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Candle Soot As A Template For A Transparent Robust Superamphiphobic Coating

Xu Deng, Lena Mammen, Hans-Jürgen Butt, Doris Vollmer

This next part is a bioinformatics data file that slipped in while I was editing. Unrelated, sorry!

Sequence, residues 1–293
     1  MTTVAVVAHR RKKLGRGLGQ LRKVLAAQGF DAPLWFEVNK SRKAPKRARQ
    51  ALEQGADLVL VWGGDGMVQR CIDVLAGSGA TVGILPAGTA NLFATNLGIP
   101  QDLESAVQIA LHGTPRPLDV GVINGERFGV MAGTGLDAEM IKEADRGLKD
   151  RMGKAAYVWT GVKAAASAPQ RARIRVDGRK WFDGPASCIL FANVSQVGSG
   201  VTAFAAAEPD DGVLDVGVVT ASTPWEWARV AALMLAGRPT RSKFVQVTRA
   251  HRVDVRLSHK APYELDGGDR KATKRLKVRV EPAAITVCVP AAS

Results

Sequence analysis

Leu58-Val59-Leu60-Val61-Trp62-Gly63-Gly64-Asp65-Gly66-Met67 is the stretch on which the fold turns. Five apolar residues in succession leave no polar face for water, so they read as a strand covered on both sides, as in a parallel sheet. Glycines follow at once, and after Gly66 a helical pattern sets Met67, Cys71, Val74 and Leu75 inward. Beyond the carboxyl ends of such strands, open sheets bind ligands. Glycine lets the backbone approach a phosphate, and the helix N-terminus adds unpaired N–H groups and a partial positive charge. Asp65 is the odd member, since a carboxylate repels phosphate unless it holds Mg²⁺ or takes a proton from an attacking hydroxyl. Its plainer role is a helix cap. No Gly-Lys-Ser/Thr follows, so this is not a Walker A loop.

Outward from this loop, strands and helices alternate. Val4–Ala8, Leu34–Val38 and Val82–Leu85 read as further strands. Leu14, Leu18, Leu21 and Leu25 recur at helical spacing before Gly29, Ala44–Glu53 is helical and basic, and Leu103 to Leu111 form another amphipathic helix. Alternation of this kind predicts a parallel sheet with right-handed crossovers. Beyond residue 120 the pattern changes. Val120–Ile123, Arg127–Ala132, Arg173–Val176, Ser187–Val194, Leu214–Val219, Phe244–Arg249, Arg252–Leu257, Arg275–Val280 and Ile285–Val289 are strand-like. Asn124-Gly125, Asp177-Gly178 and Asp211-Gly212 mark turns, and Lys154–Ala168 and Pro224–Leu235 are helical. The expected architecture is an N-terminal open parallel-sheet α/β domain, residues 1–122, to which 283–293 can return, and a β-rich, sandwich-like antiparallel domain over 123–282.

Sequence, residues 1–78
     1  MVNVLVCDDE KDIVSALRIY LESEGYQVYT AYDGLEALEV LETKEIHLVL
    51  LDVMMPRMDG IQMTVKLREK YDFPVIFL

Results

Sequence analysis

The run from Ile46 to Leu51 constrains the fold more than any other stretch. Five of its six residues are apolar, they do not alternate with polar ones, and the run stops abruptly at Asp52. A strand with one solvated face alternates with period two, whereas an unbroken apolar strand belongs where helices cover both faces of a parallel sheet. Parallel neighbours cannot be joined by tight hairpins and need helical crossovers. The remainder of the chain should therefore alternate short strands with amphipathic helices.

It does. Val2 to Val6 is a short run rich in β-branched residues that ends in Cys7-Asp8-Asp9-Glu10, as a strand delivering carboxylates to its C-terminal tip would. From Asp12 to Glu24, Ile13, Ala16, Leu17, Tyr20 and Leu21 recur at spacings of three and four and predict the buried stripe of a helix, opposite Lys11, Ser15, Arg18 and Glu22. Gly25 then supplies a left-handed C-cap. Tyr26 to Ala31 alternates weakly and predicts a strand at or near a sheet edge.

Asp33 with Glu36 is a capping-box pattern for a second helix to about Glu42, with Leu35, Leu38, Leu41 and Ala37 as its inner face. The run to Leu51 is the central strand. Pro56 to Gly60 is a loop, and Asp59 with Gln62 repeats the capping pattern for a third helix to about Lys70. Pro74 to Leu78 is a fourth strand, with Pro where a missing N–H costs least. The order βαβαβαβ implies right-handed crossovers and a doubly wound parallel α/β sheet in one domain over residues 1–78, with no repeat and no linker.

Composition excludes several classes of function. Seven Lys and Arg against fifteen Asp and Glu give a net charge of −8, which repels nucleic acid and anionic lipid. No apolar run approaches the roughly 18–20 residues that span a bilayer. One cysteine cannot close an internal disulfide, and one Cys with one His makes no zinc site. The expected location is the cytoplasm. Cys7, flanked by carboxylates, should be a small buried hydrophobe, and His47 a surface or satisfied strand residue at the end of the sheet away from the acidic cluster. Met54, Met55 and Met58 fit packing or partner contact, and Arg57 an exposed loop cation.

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Coating is an essential step in adjusting the surface properties of materials. Superhydrophobic coatings with contact angles greater than 150° and roll-off angles below 10° for water have been developed, based on low-energy surfaces and roughness on the nano- and micrometer scales. However, these surfaces are still wetted by organic liquids such as surfactant-based solutions, alcohols, or alkanes. Coatings that are simultaneously superhydrophobic and superoleophobic are rare. We designed an easily fabricated, transparent, and oil-rebounding superamphiphobic coating. A porous deposit of candle soot was coated with a 25-nanometer-thick silica shell. The black coating became transparent after calcination at 600°C. After silanization, the coating was superamphiphobic and remained so even after its top layer was damaged by sand impingement.